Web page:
Planning For the Wedding Reception Is All a Matter of Organization
It is determined by the wedding industry that the biggest expense for any wedding is the wedding reception. It takes roughly 45% of the wedding budget to cover the overall expenses for the wedding reception. However, with careful organization, attention to detail and proper planning, it is possible to bring the expense percentage down while boosting the success percentage up.
The first step is to determine where the wedding reception will be held. There are many different venues for wedding receptions, restaurants, large hotels, art museums, aquariums, churches, parks and just about anywhere else that you can get permission or a permit to hold an event the size of your wedding reception. Once you have determined the location, you must make decisions about the menu. There are two types of caterers, the in-house and the off premise. The in-house caterer works out of the facility itself and comes as a package deal. It is therefore your job to figure out exactly what type of deal comes in the package, is there a wedding cake or can you bring one in from outside, is the food of quality in both taste and quantity, what are your menu choices and is it possible for you to attend a sample tasting of the items that you are considering for your reception. Expect to pay a small fee for this service but consider it an investment in having prior knowledge of the menu items before your guests are actually eating at your wedding reception.
The off premise caterer is a bit more competitive that the in-house version because the in-house has the job once the location is booked. For the off -premise caterer, it is important to create menu items that are outstanding when compared to the competition. These caterers bring the food into an existing site; they can be limited to food or can coordinate the whole event providing things like table linens, ice sculptures, wedding cake, and anything else that you might choose to coordinate with them. Keep in mind that most quality caterers' work by word of mouth, they actually spend very little on advertising as the business is so plentiful just on referrals.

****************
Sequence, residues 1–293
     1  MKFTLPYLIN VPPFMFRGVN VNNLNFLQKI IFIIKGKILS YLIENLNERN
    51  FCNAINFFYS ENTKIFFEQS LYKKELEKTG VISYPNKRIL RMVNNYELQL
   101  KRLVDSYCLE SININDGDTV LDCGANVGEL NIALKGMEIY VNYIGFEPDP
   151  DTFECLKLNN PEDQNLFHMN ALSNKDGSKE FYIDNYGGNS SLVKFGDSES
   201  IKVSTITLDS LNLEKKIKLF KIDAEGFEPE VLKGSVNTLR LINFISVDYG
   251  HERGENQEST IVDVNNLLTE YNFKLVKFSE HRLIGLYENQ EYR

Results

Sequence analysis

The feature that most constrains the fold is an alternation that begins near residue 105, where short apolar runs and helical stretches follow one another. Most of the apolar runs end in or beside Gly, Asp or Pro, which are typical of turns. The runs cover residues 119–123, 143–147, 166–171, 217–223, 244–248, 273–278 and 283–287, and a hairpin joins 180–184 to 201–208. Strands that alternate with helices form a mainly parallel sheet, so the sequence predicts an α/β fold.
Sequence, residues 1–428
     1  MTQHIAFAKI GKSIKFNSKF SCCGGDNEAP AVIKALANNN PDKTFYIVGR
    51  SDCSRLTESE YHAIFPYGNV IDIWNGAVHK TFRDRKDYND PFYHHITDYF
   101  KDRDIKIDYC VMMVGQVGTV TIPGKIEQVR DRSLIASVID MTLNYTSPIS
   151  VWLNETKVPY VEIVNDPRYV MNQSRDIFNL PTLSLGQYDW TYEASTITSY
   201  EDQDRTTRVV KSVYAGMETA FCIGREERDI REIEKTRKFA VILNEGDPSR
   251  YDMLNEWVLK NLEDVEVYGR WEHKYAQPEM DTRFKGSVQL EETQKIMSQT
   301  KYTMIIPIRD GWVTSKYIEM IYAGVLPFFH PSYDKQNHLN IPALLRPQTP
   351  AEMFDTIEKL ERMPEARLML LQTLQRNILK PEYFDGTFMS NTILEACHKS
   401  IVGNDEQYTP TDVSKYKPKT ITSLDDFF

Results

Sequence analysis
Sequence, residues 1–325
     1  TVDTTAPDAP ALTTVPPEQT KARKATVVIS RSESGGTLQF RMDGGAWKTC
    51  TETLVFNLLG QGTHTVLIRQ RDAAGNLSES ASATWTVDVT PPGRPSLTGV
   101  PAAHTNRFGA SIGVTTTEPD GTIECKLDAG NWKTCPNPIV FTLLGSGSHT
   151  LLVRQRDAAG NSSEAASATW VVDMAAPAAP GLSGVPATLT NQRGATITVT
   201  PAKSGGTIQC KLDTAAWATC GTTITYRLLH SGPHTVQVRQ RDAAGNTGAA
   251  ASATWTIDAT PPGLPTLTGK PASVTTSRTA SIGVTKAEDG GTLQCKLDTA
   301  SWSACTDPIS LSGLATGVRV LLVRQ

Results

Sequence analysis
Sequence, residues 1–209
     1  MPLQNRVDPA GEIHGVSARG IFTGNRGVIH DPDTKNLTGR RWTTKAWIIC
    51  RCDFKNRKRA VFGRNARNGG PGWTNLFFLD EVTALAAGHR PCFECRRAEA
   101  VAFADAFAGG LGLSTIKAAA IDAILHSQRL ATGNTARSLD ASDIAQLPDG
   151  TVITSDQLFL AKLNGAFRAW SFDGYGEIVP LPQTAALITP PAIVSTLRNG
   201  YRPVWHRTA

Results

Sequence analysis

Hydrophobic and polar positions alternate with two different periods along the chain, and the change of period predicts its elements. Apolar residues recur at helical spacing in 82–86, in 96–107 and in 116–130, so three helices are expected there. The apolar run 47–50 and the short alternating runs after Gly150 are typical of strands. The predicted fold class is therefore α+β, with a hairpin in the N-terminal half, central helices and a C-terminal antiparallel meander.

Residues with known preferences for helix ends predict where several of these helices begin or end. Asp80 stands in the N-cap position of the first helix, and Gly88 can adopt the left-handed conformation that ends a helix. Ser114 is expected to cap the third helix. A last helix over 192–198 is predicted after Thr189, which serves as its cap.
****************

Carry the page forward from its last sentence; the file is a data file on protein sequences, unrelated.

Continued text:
As you begin to visit different locations for your wedding reception ask those that do not have an in-house caterer to provide you with referrals of local reputable caterers that you might interview. Once you have received the list, inquire as to whether the hotel get a financial kickback for providing you with these names, if the answer is yes, take your business elsewhere. This practice is considered highly unaccepted within the wedding industry.